General Interest
Nuclear Policy
Politics

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THE INVISIBLE HAND

IF THE INVISIBLE HAND OF THE FREE MARKET IS DEAD, HAS CAPITALISM BEEN BURIED ALONG WITH IT?

We now have more than enough evidence that the “invisible hand” does not exist, and it is time that this hoary belief is replaced by something better—a new contract between the general public, the wealthy, and the government.

USA TODAY MAGAZINE-JANUARY 2012 (pdf)

General Interest
Politics
USA Today Magazine

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The American Condition: The Party’s Over-Maybe for Good

By June of 2010 the GDP of the U.S. had recovered to a few percent higher that it was in the first quarter of 2007, while employment was five percent lower than it was in that first quarter. Why?

USA Today Magazine March 2011.

The Party’s Over-Maybe for Good

General Interest
Politics
USA Today Magazine

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BORN SECRET: The H-Bomb, the Progressive Case and National Security

By A. DeVolpi, G.E. Marsh, T.A. Postol, and G.S. Stanford.

Born Secret looks at the widely publicized Progressive magazine case and the U.S. government’s then unprecedented attempt to prevent publication of an H-bomb design culled by a journalist from unclassified materials. The book, originally published by Pergamon Press in 1981, has long been out of print and the authors have decided to make it available to the general public and those having an interest in the Atomic Energy Act and the First Amendment. After the court proceedings ended, the authors also donated a copy of the complete unclassified in camera file to the University of Chicago Libraries.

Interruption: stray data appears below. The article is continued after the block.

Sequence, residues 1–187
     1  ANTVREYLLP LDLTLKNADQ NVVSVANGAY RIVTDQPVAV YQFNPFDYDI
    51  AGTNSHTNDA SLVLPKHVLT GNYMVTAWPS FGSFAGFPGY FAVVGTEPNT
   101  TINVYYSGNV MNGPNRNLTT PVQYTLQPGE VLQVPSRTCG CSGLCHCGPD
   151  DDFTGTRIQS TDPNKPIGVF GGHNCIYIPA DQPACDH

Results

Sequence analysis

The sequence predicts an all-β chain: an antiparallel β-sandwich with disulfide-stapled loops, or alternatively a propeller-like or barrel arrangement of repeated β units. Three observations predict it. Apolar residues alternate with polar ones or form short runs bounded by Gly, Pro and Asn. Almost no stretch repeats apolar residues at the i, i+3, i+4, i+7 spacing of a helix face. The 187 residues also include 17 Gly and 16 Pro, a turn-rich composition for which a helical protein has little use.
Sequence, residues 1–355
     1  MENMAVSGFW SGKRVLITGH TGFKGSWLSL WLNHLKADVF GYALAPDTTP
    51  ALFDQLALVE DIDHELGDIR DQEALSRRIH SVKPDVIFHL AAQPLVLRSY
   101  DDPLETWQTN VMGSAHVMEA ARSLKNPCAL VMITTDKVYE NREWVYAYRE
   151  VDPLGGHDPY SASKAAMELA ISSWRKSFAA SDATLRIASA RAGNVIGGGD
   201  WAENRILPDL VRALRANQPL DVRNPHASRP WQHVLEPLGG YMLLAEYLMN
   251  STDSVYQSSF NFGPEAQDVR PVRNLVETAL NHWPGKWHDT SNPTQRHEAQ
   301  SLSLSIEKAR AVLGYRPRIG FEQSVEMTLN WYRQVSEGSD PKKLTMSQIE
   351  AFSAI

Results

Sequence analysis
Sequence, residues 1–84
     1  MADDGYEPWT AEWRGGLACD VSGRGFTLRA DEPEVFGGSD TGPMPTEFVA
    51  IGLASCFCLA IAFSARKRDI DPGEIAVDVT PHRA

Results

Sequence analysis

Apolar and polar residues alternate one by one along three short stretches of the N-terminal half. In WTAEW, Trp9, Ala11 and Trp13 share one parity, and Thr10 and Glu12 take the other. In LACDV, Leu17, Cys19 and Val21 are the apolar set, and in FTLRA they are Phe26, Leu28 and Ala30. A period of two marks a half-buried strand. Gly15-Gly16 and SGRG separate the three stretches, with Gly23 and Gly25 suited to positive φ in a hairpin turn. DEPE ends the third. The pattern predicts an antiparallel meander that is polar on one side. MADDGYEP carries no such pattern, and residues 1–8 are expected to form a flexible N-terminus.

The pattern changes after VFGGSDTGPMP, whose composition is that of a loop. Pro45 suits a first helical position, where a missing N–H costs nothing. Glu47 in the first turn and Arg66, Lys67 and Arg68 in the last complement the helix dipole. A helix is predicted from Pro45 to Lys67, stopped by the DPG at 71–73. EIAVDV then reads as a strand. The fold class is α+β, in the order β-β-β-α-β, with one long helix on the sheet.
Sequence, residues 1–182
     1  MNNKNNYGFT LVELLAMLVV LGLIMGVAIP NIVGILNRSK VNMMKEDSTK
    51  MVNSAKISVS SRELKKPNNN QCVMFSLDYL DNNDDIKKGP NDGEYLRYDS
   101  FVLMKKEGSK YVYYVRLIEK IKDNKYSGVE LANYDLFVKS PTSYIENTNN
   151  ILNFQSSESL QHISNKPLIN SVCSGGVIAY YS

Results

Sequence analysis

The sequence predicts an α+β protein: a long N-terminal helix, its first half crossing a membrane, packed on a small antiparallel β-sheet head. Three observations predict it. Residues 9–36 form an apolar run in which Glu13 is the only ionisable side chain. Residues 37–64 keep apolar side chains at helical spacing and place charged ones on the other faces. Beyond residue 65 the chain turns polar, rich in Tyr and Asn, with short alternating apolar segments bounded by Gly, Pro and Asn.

The file is a PDF of approximately 300MB. To download, click here.

ERRATA for BORN SECRET

The following 6.5 MB file has been reformatted and corrected. Born Secret-Reformated with corrections-updates

Books
General Interest
Nuclear Policy
Politics

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From Hiroshima to Today

This is a Convocation Lecture given at Monmouth College on 18 November 2003. It was given in the context of Technology and the Human Condition and is still relevant today.

MONMOUTH COLLEGE LECTURE

General Interest
Nuclear Policy
Politics